Post a Comment

Marine perils are perils related to or arising from the navigation of the sea, including risk associated with the sea itself, loss by fire and war perils, loss arising from pirates, thieves, captures, seizure, restrain, and loss arising from the detainment of princes and people and any other risks that may be mentioned in the policy.

A marine peril is any peril that is incidental to or arises from maritime navigation.

For our purpose, we shall discuss ten major marine perils: perils of the sea, loss by fire, loss by enemies, jettisoning, barratry, man-of-war, loss by pirates and thieves, loss by restraints, loss by detainment, and other perils that may be agreed by the insured and the insurer.

1. Peril of the sea: This category includes peril peculiar to the sea. It is any peril or danger that the ship faced in the course of a voyage which is not necessarily the result of human intervention.

Perils of the sea refer to only fortuitous loss. It does not include loss arising from the fraud or misconduct of the insured.

For example, if a loss arising from the insured sea peril was caused by the dishonesty or willful misconduct of the insurance, the insurer is not liable to compensate the insured under the terms of the policy.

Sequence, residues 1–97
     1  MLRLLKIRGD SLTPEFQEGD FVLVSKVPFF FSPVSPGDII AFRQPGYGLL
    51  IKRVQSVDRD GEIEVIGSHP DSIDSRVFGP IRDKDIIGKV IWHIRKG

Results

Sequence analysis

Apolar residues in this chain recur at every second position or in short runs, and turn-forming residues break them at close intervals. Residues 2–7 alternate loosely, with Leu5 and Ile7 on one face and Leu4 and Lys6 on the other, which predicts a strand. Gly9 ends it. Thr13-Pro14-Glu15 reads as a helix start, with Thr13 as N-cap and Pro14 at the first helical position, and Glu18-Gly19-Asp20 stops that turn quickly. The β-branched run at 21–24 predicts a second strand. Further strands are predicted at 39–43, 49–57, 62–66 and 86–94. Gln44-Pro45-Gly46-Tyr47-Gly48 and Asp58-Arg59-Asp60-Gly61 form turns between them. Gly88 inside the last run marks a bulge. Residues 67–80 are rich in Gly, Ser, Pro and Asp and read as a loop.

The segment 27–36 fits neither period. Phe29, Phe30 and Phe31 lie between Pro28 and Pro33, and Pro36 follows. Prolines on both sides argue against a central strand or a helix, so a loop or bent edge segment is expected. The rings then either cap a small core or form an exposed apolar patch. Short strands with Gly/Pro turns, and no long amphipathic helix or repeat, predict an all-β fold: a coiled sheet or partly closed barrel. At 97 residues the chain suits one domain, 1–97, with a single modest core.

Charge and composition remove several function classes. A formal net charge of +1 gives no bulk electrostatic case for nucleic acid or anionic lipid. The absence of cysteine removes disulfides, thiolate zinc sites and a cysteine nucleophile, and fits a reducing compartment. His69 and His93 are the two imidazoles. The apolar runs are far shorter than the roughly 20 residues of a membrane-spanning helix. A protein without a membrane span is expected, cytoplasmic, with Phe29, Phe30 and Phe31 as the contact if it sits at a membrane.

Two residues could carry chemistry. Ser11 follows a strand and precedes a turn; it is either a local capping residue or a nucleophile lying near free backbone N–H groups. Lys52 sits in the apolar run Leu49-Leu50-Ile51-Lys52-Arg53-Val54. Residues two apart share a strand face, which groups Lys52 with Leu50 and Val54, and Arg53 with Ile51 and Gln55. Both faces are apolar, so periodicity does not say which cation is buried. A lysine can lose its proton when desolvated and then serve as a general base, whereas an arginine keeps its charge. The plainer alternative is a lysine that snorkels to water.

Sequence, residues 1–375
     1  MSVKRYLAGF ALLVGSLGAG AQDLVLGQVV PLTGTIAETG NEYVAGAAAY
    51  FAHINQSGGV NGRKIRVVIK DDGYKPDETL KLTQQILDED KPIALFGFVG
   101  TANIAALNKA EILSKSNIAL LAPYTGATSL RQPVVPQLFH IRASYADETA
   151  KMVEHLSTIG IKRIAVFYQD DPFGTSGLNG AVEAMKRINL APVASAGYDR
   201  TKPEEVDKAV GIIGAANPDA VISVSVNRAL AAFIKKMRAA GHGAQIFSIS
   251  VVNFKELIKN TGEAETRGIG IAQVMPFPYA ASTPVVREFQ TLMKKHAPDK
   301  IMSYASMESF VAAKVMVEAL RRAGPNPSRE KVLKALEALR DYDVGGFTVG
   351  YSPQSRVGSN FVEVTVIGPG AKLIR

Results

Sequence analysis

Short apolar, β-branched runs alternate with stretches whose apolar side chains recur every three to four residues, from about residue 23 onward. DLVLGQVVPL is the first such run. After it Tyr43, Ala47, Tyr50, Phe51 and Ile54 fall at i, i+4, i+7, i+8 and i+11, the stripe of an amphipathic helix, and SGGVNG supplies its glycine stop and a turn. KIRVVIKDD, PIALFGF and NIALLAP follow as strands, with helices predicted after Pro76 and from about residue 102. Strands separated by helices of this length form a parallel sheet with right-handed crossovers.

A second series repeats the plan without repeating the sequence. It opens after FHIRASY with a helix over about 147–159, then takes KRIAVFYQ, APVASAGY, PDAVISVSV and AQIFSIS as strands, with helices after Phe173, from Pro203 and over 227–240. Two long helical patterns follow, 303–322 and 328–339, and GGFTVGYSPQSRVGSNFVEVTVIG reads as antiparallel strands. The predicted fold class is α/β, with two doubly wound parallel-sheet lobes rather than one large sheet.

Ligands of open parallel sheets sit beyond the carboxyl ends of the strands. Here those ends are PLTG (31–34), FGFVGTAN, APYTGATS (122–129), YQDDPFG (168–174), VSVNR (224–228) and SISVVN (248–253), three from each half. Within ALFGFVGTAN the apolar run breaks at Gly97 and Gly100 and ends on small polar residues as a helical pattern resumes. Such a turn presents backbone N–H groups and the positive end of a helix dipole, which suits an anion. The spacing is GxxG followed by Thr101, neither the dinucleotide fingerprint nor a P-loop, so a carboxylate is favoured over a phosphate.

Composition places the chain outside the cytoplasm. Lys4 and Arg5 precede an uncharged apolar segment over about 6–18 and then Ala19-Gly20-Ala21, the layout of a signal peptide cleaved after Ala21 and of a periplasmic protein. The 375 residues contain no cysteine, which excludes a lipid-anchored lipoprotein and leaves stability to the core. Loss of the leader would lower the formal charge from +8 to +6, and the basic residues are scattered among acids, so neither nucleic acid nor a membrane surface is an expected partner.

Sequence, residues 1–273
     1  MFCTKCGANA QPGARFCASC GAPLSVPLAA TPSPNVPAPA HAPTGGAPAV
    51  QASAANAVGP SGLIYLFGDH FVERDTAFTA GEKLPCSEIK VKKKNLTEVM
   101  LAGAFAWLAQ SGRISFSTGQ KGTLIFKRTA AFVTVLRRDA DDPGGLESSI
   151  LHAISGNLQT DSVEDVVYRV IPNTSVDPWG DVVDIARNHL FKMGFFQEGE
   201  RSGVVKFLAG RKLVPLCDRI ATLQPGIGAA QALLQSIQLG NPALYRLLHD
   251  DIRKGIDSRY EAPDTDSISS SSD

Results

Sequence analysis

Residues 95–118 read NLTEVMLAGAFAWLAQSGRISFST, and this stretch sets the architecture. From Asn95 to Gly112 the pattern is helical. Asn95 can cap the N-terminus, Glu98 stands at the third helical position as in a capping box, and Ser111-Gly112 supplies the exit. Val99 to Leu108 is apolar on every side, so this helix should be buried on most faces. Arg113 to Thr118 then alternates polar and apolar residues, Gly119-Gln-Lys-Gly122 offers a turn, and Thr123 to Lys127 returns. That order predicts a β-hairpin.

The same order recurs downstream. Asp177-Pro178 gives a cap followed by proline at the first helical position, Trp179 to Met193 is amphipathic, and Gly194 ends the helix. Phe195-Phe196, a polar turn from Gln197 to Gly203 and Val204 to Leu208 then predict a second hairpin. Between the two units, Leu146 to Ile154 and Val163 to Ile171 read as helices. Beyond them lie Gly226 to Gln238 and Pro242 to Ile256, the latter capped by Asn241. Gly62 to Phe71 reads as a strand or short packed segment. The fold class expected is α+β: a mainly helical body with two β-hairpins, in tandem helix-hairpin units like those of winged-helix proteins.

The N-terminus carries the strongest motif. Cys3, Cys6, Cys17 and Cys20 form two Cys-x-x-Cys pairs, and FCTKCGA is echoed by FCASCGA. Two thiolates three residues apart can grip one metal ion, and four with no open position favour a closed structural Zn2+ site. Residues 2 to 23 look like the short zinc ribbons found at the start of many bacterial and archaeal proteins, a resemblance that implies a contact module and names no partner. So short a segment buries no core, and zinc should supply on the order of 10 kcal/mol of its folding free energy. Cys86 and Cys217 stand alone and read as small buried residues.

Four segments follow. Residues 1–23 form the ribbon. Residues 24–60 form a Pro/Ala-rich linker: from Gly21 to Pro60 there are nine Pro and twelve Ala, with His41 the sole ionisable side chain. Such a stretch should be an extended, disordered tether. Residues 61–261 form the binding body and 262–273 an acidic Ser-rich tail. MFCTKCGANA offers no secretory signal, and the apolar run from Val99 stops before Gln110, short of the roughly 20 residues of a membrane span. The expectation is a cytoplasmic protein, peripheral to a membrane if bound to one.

2. Loss by fire: This is a special kind of marine peril. 

Broadly speaking, marine insurance does not cover all kinds of fires. Marine insurance covers only two fire-related perils.

First, It covers damages caused by the fire's heat or smoke arising from spontaneous combustion, lightning, explosions, or other causes such as the negligence of the master or crew etc.

Second, marine insurance covers damages of goods resulting from water used to extinguish fires due to lightning, explosions, negligence on the part of the captain or crew, spontaneous combustion, etc.

Standard marine insurance policies do not cover loss resulting from the insured's willful wrongdoing.

A marine insurance policy will not also cover a fire that happened due to the vice or nature of the insured subject matter.

It is crucial to note that some fire-related losses that aren't covered by standard marine insurance policy can be covered by having special clauses included in the policy, however doing so will cost you more money.

3. Loss by enemies: Wiktionary defines an enemy as "someone hostile to, feels hatred towards, opposes the interests of or intends injury to someone else".

It includes suffering as a result of the hostile acts of an enemy.

Enemies also include all types of ships belonging to the foe or enemy countries as well as their hostile acts, provided that these acts formed part of the enemy hostile campaign.

Losses by seizure, capture or taking at sea by an enemy are also considered losses by enemies.

4. Jettisoning: Jettisoning is the voluntary and intentional discarding of a portion of the cargo or the vessel's equipment to lighten or relieve the ship in the event of a need or emergency to have a safe journey or adventure.